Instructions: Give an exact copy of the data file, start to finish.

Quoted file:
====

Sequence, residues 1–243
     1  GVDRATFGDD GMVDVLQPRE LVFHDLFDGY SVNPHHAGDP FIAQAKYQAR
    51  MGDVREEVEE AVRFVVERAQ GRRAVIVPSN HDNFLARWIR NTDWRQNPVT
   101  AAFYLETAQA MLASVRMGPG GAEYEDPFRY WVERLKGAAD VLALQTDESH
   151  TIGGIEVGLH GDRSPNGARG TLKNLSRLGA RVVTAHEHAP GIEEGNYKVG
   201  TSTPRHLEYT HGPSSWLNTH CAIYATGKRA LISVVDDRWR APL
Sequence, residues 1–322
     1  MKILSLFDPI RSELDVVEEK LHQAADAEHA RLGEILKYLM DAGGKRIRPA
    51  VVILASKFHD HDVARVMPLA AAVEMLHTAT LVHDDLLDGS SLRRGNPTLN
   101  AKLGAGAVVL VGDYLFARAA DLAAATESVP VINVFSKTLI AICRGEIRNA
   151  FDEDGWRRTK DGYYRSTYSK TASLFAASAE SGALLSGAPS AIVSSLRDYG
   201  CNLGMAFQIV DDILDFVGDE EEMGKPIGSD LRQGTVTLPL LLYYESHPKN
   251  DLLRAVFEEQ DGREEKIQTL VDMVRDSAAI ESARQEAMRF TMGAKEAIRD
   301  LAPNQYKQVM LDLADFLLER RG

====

Sequence, residues 1–243
     1  GVDRATFGDD GMVDVLQPRE LVFHDLFDGY SVNPHHAGDP FIAQAKYQAR
    51  MGDVREEVEE AVRFVVERAQ GRRAVIVPSN HDNFLARWIR NTDWRQNPVT
   101  AAFYLETAQA MLASVRMGPG GAEYEDPFRY WVERLKGAAD VLALQTDESH
   151  TIGGIEVGLH GDRSPNGARG TLKNLSRLGA RVVTAHEHAP GIEEGNYKVG
   201  TSTPRHLEYT HGPSSWLNTH CAIYATGKRA LISVVDDRWR APL
Sequence, residues 1–322
     1  MKILSLFDPI RSELDVVEEK LHQAADAEHA RLGEILKYLM DAGGKRIRPA
    51  VVILASKFHD HDVARVMPLA AAVEMLHTAT LVHDDLLDGS SLRRGNPTLN
   101  AKLGAGAVVL VGDYLFARAA DLAAATESVP VINVFSKTLI AICRGEIRNA
   151  FDEDGWRRTK DGYYRSTYSK TASLFAASAE SGALLSGAPS AIVSSLRDYG
   201  CNLGMAFQIV DDILDFVGDE EEMGKPIGSD LRQGTVTLPL LLYYESHPKN
   251  DLLRAVFEEQ DGREEKIQTL VDMVRDSAAI ESARQEAMRF TMGAKEAIRD
   301  LAPNQYKQVM LDLADFLLER RG